Another basic characteristic of Greimas’s approach is that he does not concentrate on the philosophical definition or analysis of meaning as much as on where it is located — in signs, beyond signs or just in our heads — but the focus is rather on what actually the meaning means or what is its concrete content and how it can be deciphered in all possible sign systems. By itself meaning for him is a kind of a givenness (donnée), since we happen to live in a society that inevitably is signifying through communication and relationships. Meaning is conveyed, exercised and exchanged by the "class of grown-ups", i.e. sharing something that is believed to be common sense and acquired in the process of communication and education. Meaning is always pregnant with the effect the surrounding world has on us. But because of the complexity and very often because of insufficiency (for instance of mythological data) of sign systems and/or texts-discourses we are in need of special semiotic tools to disclose, restore, understand, interpret and integrate particular knowledge into general knowledge and/or a belief heritage. For Greimas, genuine knowing very often is a realization of faith and trust. Thus, while claiming to avoid philosophical and psychological involvement, he launches an epistemological discussion of the relationship of knowing and believing and that is not the only case of trespassing into the neighboring fields of semiotics.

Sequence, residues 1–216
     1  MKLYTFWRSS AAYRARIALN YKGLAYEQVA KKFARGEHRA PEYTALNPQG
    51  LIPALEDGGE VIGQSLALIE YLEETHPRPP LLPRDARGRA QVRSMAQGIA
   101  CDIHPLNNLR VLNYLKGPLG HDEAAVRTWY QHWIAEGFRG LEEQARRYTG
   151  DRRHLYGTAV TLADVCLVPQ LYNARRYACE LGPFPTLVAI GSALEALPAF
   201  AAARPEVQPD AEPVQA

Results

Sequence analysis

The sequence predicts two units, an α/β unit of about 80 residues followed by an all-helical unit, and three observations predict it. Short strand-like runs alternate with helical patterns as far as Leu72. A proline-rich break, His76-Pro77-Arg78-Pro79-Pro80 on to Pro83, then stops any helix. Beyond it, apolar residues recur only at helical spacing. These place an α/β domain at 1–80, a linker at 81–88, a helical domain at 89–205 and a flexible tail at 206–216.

So the main tendency in Greimas’s works is a continuous effort to work out reliable ways and methods to invent proper tools for knowing and for finding an objective scientific sense in all areas of the human environment. These are seen always as consisting of signs and signification, bearing meaning which is susceptible for logical articulation and limited to its essence or to a certain number of isotopes. This epistemological super-task diminishes the traditional division between the natural and humanitarian sciences. This is because the data of both while presented by means of their own languages and signs, are translatable into another coherent descriptive language articulating meaning units which at first sight are intangible.

The latter translation, again by means of transformations, is to be raised to a more formalized epistemological level, setting an exhaustive number of possible readings of any discourse of literary, scientific, cultural, gestural, or whatever origin. A last epistemological level is a previously designed logical model and can be applied only deductively; hence it is capable not only of interpretation, but also of restoring missing parts or details in an investigated field. (Again the best example is mythology.) Thus it provides a possible hierarchical structure, stemming from the structure of language itself as the most sophisticated system, and capable of articulating and, by means of transformation from one epistemological level to another, tracing the whole semiotic path (parcour semiotique) leading to the deepest nucleus of meaning and thus informing us of what is really happening. Thus meaning can be called a possibility of translation from one language (language-object) into a stricter metalanguage of description, and thence into an epistemological language which is supposed to be an already fixed and tested structure working on the principles of verification and deduction.